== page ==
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Home » Data & Reporting » Data Displays

Data Displays

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Student Information

Districts share information with OSPI that goes beyond what is hosted on Washington State Report Card. Our data team looks at these additional data points and creates displays for stakeholders that would like to dive deeper into Washington K12 data. Each selection below houses a Tableau data display, a link to the data used for download, and context to help users understand the data better. 

If there are any displays you would like to see beyond what we have published, email a request to our Student Information team.  

Dashboards

To further conversations around equitable grading processes and our understanding of the impact of COVID-19, we released data on course outcomes that can be examined by race and ethnicity, as well as other student characteristics and experiences.

These data have been organized in a way to help identify and acknowledge the life experiences of students of varying backgrounds, cultures, and identities, so we can better serve them. This data display specifically focuses on those courses that resulted in no credits earned because of the impact this can have on high school graduation.

Important notes about this data display:

  • Includes students enrolled in grades 9 through 12.
  • 2021 data are preliminary, incomplete, and subject to change. Course outcomes for spring courses will not be finalized until Fall 2021; We will update the display in October 2021 to incorporate final course outcomes for the 2019-20 school year.
  • Incomplete was allowed as a valid course outcome starting in the 2019-20 school year
  • Includes all courses students in the State of Washington with a valid course code (including non-core content areas).
  • We aim to publish district-level data the week of June 21, 2021.

If you have questions about the data or need assistance navigating the data validation display, please email our Student Information team.

On March 13th, 2020, Governor Inslee closed all in-person instruction in Washington State schools due to the novel coronavirus COVID-19. As our state and nation continue to battle the COVID-19 pandemic, OSPI is dedicated to releasing student performance data with context to help stakeholders understand these unique reports.

The following data are a snapshot of student performance from September 1st to February 28th, 2020. These data represent what was happening in schools and districts before the lockdown. These data represent the closest comparison for year-to-year data analysis for the 2019-2020 school year.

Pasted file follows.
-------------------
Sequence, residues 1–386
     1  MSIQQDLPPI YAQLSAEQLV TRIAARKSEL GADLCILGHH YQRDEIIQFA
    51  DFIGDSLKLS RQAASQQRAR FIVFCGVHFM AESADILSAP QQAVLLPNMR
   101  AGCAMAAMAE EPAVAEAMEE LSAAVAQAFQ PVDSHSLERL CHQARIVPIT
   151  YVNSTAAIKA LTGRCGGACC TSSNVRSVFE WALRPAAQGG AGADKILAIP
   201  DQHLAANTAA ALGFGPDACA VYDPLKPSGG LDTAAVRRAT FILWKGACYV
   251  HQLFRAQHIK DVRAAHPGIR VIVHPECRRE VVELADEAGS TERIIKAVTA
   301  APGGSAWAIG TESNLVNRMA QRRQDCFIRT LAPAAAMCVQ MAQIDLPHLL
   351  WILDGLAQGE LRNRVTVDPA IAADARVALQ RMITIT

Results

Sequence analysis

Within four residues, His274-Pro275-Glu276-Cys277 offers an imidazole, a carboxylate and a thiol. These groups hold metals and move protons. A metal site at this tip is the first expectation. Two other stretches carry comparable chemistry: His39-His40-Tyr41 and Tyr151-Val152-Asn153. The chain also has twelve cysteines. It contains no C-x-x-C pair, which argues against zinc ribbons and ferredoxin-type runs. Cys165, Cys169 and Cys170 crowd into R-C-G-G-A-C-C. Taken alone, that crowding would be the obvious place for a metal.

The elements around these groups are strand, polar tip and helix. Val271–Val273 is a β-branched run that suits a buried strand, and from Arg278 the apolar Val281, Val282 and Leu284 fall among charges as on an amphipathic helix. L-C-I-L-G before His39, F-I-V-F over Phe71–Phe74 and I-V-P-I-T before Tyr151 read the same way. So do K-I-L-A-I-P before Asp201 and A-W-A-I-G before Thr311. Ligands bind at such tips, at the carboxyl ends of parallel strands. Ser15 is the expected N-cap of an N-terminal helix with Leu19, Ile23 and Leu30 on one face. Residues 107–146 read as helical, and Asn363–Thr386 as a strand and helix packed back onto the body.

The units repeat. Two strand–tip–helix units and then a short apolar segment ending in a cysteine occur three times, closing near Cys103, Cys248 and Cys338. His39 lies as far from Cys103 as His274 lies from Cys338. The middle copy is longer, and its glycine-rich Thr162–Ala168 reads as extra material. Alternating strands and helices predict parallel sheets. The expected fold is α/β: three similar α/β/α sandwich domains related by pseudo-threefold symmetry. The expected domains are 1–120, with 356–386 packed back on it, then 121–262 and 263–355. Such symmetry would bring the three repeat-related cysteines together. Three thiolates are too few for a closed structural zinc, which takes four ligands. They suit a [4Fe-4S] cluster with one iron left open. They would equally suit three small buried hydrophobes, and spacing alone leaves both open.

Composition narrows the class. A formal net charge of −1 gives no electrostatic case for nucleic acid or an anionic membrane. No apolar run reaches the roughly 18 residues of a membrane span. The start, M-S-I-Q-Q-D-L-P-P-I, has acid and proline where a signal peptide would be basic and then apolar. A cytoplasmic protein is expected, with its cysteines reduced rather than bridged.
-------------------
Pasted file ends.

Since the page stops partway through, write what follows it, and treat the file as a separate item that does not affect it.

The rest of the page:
If you have questions about the data or need assistance navigating the data visualization, please email our Report Card team.

Each month during the school year, Washington’s public K–12 school districts count how many students are enrolled in classes. These data tell us which communities are growing, how many students are taking advantage of alternative learning and dual credit opportunities, which areas should be thinking about building new or expanding current school buildings, and more.

The data are also used to determine the amount of state funding districts will receive to pay for the staffing, materials, technology, and other supports that help our students succeed.

 If you have questions about the data or need assistance navigating the data visualization, please email Student Information team. 

As our state and nation continue to battle the COVID-19 pandemic, Washington's schools are working closely with local health authorities to determine the right mode of instructional delivery for their community. Every week, each public school district, state-tribal education compact school, and charter school is required to submit data on their current reopening status to OSPI.

The data are posted to the OSPI website and updated weekly (each Wednesday) to reflect each district's current instructional delivery model, including which student groups they are serving through in-person learning. If you have questions about the data or need assistance navigating the data visualization, please email Student Information team. 

House Bill 1599 (HB1599) was passed in Spring 2019. The bill established graduation pathways and clarified and strengthened the role of the High School and Beyond Plan (HSBP) to ensure that the activities that students engage in during their high school career align with their goals after high school. The graduation pathways are not alternatives to the high school statewide assessment, ways to track students or a compliance activity.

“The pathway options…are intended to provide a student with multiple pathways to graduating with a meaningful high school diploma that are tailored to the goals of the student. A student may choose to pursue one or more of the pathway options…but any pathway option used by a student to demonstrate career and college readiness must be in alignment with the student’s high school and beyond plan.” (HB1599)

In addition to completing at least one graduation pathway aligned with the postsecondary goals, students must also earn 24 credits and complete their High School and Beyond Plan to meet all statewide graduation requirements.